Friday, 31 October 2014

Week 44 - Charles Duguid Milne

Charles Duguid Milne (1913 - 1999)

Charles Duguid Milne and Amy Louise Dryden's wedding day in 1940
Charles Milne was born February 18, 1913 in Wallace Municipality in Manitoba.  He was the second youngest of 8 children of Alexander Milne and Jeannie Morrison Jamieson Milne and he was the younger brother of my Grandma Kinnaird, Frances.

Charles Duguid and Mamie Milne Duguid - 1920's

He was named for his father Alex's sister Mary Jane (Mamie)'s husband Charles Duguid.  This Charles had come from Banffshire Scotland in 1906 at the age of 21.  He became a Candian citizen and then returned to Scotland.  He and Mamie had married in Huntly, Aberdeenshire on February 17, 1911 and then immigrated and lived at 862 4th Street in Brandon with Mamie and Alex's father John Milne.  Charles Duguid and John were both employed as millers at Purity Flour Mill in Brandon and since Charles and Mamie did not have children of their own, were close to their nieces and nephews and in fact my mom recalls that he attended her wedding in 1960.  Mamie had passed away in 1955 and Charles Duguid followed her in 1963. 
As an infant, Charlie Milne travelled west with his family for a couple of years to ranch at Keremeos, British Columbia where his youngest sister Annie Mary (Nan) was born. The Christmas Card below would have been sent back to relatives and friends in Manitoba when they were living there.

Charlie attended Montgomery and Hargrave Schools after his family returned to the Wallace Municipality around 1917.  He married Louise Dryden on April 2, 1940.  They first lived south of Elkhorn where Charlie worked for a farmer but moved to the Hargrave district to the NE quarter of 10-11-27 later that first year of their marriage.
Charles and Louise had 5 children:  James Alexander, Kenneth Allen, John McGregor, Murray Ross and Wendy Louise.  Wendy and I recently became "friends" on Facebook and comparing the lives of ourselves and our families, we certainly can say it is a small world and our DNA leads us into similar fields and circumstances!  
A local history book called "Binding Our Districts" says Charlie played ball for the Hargrave baseball team and also enjoyed curling and skating.  He was a community volunteer with the Pool Elevator Board, the Hargrave Co-Op Store Board and the Hargrave Rink and Community Centre.  He was an active member of the Lebanon Masonic Lodge in Virden. My cousin Karen remembers that he could really dance well!
Louise was a curler and skater as well.  She enjoyed knitting and crocheting as well as yard and garden work.  She entered and won prizes at the Virden and Elkhorn fairs for her beautiful needlework.  Charlie and Louise spent many hours in Old Time Dancing and playing cards.
They retired from active farming in 1982.  Louise passed away on October 27, 1998 and Charlie the following year on August 4, 1999.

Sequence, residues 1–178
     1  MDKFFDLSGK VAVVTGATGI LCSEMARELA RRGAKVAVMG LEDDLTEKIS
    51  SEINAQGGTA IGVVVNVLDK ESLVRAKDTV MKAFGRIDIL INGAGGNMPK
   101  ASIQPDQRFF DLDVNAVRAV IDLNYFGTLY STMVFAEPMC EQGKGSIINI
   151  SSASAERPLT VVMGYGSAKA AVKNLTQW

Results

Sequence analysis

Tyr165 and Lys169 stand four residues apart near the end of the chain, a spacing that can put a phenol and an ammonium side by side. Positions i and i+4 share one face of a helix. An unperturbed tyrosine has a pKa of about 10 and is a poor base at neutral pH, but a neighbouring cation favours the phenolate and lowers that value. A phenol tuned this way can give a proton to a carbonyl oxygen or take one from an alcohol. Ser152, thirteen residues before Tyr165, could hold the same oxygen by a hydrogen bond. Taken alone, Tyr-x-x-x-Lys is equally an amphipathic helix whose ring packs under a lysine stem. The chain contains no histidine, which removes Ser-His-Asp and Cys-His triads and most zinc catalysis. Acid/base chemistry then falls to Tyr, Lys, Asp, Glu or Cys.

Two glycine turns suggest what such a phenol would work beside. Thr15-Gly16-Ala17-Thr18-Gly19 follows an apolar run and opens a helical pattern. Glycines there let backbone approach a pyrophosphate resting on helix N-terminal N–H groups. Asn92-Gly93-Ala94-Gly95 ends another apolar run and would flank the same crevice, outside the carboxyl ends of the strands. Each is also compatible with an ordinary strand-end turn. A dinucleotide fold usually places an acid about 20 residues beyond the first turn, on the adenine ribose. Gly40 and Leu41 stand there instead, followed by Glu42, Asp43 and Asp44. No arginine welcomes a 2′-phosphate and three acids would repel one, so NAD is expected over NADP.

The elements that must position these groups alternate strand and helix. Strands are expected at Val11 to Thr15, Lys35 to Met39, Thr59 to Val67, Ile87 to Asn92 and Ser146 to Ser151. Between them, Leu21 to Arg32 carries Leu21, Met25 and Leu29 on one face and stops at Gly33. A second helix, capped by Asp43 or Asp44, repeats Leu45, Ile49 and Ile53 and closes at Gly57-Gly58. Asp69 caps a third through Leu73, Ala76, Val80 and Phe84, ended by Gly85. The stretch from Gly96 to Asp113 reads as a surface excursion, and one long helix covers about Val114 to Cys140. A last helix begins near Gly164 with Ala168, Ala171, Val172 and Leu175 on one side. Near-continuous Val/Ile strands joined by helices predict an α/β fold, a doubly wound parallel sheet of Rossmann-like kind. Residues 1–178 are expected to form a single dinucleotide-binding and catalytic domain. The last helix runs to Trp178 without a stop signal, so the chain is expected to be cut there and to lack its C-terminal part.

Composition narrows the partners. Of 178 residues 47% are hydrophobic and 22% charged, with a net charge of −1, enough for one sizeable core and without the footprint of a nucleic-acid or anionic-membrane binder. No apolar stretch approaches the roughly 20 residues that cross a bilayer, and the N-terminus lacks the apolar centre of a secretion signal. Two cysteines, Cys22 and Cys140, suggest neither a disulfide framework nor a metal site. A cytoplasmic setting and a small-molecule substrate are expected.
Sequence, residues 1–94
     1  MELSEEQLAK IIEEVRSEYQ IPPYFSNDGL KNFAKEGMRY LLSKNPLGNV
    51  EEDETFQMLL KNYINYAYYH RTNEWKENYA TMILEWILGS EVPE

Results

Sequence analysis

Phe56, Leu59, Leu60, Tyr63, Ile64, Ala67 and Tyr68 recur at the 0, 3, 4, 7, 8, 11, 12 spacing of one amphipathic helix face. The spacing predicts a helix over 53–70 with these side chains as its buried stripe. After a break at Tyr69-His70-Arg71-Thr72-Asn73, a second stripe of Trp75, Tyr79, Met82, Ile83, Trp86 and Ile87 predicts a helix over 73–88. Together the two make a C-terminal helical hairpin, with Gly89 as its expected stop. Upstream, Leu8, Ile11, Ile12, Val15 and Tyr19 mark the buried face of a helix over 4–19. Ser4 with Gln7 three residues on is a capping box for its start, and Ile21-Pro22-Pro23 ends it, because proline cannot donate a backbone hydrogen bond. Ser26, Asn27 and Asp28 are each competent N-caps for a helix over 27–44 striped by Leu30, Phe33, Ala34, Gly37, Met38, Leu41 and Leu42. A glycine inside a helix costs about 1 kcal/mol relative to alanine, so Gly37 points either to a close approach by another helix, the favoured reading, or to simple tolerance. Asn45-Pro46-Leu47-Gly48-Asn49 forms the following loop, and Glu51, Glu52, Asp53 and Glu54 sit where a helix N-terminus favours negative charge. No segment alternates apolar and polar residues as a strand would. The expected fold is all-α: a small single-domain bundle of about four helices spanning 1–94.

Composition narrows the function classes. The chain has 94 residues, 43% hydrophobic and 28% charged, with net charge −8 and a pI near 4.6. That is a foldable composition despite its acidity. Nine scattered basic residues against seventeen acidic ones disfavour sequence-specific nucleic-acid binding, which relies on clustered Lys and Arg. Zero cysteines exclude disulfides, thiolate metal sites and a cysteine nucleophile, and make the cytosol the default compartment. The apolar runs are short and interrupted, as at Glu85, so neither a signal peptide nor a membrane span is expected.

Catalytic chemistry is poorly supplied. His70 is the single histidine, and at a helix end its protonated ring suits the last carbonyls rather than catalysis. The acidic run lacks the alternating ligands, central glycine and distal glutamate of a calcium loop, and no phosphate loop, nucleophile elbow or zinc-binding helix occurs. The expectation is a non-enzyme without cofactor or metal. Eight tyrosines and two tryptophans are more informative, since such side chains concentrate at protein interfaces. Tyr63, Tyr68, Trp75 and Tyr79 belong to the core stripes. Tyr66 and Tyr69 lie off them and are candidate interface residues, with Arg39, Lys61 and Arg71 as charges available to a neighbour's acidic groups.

Thursday, 23 October 2014

Week 43 - Thomas Henry

Thomas Henry (1870 - 1949)

Thomas was the brother of my great grandmother, Elizabeth Henry Sinclair and the son of the Widow Mary Henry.  This blog has also previously featured his sisters Ellen Turriff, Janet McKenzie and Joanna Braid.  At the age of 11, he came to the RM of Blanshard area with his mother and 10 siblings from Perth County, Ontario in 1881 after the death of his father three years earlier. 

Thomas lived the rest of his life farming this soil on the quarter known as "sixes".  He never married but lived with family, mainly his brother Jack.  Thomas was the engineer on the Henry brothers threshing gang.  They had bought one of the first portable steam threshing units around and for years they toured the district, threshing grain for neighbours who didn't own their own machines.  He also helped in the organization of the United Church in Oak River.

In the 1891 Canadian census, 20 year old Thomas lived with his 54 year old mother Mary, elder brother John (also known as Jack) age 23, and younger sisters Mary (17) and Joanna (15).  Brothers Edward (29), William (27) and Charles (25) are enumerated on the next farm.

The census of 1906, shows 36 year old Thomas and 37 year old Jack at 6-13-21 in a stone house with their mother Mary.  They indicate that their farm has 17 horses, 17 milk cows, 30 other cattle and 35 pigs.  Three unrelated people are also in the household, 2 hired men and a servant, Agnes Brown.   Purebred Aberdeen Angus cattle were raised at the Henry's and the 1959 Blanshard history book says they supplied breeding stock to many farmers during the early part of the century.  This same book says Thomas had a Model T in 1912.

The 1916 Canadian Census lists Thomas living with his brother Jack and wife Winnie with their sons Homer and Orville. Thomas and Jack are named as partners in the farm in this document.  A lodger in the home at the time was a 45 year old named Alex Galician.  I happened to notice farther up the same census page there was another man with the same name but 23 years old.  Their birthplace is listed as Galicia and scanning through the surrounding farms, there are several men of Galician birth noted.  Today, this Eastern European region is divided between the countries of Poland, Romania and Ukraine.  Widespread emigration from this area to Canada started in the 1880's due to poverty and it continued until war broke out in 1914.  I suppose that the English speaking census takers could not begin to write what the men's names were so they were all given the surname "Galacian".  How sad for their ancestors trying to track these mens' journeys without their real names on the census documents!